As the web matures and we learn more about user behaviour, we are beginning to discover how easy it is to manipulate people online. Add to this our growing knowledge of marketing and psychology, and it is hardly surprising that the issue of ethics has been raised.
Websites such as Dark Patterns highlight the seedy belly of UX design as it attempts to manipulate people into doing things they will later regret.
Whether this is purposely making privacy options confusing in order to trick people into sharing more information than they are comfortable with, or spamming friends on social networks without their explicit permission, many of us are asked to do things that we are not comfortable with.
Although not illegal, this type of behaviour is damaging to the user experience, the ultimate success of the client’s website and your personal reputation.
However, is it our place to refuse to implement these dark patterns? If a client is paying us, and if they choose to reject our advice, should we simply do as we are told?
This is not just about our responsibility towards our clients, it’s also about the profitability of our business. If we refuse to undertake work we consider unethical we are in effect turning away money. Should we do this in order to stand by principles even if that damages us financially?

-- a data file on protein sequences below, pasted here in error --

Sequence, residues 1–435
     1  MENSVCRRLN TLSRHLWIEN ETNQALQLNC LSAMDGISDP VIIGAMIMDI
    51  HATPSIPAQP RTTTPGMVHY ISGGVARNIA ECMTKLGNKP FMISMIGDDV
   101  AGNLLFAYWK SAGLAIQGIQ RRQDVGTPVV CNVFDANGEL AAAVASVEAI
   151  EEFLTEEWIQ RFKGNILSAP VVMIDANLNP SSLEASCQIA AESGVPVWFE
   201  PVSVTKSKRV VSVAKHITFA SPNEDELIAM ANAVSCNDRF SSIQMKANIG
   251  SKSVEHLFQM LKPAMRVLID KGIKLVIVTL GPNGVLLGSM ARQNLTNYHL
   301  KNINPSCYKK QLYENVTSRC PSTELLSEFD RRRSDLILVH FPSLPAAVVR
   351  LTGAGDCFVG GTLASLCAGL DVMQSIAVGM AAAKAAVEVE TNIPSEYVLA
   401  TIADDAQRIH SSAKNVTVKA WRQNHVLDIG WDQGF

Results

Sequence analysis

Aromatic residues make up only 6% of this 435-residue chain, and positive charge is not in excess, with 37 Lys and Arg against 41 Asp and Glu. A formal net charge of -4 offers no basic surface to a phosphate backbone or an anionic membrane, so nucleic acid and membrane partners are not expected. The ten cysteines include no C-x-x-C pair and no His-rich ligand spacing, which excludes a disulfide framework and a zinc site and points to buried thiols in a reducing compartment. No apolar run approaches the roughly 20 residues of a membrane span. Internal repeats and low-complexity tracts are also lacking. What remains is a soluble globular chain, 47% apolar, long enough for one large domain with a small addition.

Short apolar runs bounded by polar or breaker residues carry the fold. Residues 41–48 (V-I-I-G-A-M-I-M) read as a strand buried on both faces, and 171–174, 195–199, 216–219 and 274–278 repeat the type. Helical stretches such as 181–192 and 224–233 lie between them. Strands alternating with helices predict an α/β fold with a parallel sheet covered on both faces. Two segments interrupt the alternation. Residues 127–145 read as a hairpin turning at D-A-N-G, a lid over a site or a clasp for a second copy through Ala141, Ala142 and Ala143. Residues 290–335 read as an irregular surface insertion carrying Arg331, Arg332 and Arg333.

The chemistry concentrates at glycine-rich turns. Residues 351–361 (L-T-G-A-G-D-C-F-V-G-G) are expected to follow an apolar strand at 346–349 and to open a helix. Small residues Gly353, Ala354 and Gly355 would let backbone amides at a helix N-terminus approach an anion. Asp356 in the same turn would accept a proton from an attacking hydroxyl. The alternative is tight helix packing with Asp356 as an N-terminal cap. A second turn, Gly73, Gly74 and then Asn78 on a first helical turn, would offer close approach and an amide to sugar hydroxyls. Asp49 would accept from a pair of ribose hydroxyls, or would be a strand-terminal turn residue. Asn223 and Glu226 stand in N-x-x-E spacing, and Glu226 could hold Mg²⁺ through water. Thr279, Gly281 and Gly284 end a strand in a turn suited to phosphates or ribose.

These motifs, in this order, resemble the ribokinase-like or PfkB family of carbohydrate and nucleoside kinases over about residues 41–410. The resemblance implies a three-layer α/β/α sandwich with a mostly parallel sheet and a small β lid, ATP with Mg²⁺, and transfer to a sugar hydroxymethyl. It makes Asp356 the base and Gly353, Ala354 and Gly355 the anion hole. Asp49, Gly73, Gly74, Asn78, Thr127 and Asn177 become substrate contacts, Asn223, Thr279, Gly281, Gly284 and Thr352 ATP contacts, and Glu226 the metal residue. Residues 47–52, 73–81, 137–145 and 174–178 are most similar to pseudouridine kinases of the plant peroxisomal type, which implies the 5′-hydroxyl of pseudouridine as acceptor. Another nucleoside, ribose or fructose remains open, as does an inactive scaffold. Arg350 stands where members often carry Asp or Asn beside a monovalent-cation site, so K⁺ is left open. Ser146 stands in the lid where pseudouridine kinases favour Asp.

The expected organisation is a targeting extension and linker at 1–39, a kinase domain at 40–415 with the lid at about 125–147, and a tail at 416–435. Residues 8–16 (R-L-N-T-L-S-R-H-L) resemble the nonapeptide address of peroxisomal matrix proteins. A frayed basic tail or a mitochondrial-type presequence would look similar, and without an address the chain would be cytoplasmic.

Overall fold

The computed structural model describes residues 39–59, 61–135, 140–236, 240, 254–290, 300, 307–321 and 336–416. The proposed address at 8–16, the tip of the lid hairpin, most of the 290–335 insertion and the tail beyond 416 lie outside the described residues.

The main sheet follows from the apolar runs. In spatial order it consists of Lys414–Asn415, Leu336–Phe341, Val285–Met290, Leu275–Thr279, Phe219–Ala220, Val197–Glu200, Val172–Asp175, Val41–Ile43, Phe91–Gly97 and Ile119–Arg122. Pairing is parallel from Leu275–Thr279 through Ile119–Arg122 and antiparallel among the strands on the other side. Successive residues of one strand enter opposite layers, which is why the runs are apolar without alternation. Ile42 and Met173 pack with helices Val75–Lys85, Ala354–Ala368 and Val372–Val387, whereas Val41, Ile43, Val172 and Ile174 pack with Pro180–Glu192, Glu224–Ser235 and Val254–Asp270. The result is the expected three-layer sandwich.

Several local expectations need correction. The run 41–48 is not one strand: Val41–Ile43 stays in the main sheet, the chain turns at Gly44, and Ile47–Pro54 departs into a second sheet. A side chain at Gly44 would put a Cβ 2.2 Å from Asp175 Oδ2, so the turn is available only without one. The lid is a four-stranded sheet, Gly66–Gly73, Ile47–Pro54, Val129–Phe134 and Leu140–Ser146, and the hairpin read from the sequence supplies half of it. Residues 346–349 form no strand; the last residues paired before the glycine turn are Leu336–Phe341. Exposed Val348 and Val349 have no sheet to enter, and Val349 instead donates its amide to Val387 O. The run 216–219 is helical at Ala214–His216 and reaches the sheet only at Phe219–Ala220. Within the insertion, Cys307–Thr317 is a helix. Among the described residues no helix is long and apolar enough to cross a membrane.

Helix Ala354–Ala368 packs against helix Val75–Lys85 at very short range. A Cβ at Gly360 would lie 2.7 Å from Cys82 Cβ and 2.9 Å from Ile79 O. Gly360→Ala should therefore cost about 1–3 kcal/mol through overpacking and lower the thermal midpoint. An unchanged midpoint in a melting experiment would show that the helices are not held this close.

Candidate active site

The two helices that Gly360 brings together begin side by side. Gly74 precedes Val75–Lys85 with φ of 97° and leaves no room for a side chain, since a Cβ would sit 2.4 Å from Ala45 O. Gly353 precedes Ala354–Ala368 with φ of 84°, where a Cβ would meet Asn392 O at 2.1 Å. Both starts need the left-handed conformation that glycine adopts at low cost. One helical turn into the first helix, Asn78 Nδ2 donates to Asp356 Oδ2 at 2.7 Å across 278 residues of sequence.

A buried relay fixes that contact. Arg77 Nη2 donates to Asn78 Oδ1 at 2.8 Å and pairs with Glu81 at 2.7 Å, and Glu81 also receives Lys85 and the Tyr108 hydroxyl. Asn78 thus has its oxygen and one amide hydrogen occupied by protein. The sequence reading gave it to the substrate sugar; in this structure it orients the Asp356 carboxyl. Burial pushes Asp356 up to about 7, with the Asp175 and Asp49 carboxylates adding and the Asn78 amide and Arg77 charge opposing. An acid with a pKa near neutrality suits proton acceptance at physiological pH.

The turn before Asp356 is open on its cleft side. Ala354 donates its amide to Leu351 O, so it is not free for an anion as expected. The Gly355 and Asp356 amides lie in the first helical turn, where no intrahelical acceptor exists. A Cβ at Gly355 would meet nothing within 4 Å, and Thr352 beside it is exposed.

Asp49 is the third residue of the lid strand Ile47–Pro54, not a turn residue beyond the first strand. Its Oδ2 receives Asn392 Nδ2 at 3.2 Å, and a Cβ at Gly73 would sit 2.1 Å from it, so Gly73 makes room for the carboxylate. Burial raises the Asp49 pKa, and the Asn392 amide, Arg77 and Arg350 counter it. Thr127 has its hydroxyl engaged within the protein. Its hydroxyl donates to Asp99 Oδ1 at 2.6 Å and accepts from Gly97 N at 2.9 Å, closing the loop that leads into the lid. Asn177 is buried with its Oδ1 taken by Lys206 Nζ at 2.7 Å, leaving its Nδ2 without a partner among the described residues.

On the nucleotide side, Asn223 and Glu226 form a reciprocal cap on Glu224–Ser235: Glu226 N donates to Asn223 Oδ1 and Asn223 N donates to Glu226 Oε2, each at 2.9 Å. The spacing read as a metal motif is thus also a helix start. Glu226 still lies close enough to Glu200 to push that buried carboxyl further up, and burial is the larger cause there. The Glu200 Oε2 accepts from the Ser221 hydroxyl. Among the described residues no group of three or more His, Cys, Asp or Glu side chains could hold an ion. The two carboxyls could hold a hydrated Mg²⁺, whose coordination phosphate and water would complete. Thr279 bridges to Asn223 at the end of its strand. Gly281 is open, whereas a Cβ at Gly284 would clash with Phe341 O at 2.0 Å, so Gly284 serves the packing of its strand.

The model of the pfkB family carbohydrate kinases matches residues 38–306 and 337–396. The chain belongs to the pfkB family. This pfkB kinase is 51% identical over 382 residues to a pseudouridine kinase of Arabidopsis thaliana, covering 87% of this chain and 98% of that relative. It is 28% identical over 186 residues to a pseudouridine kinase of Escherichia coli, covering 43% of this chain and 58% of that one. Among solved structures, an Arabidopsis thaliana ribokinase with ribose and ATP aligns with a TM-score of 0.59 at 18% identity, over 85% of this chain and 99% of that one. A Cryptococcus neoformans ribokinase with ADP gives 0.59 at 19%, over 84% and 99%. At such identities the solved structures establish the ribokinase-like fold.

If a client asks us to do something that is illegal then the conversation is much more black and white. However, in the world of ethics the challenges are more complex.
I believe this is an important subject and one I would like to discuss as part of our debate season on the podcast. Therefore:
This house proposes that web designers should refuse to do work they consider unethical.
Do you agree with the house? Where would you draw the line? Are there examples of where you have chosen to turn away work you considered unethical? Alternatively, do you believe that this position is naive? Or do you feel that our responsibility towards our clients outweighs ethical considerations? Share your thoughts and experiences in the comments.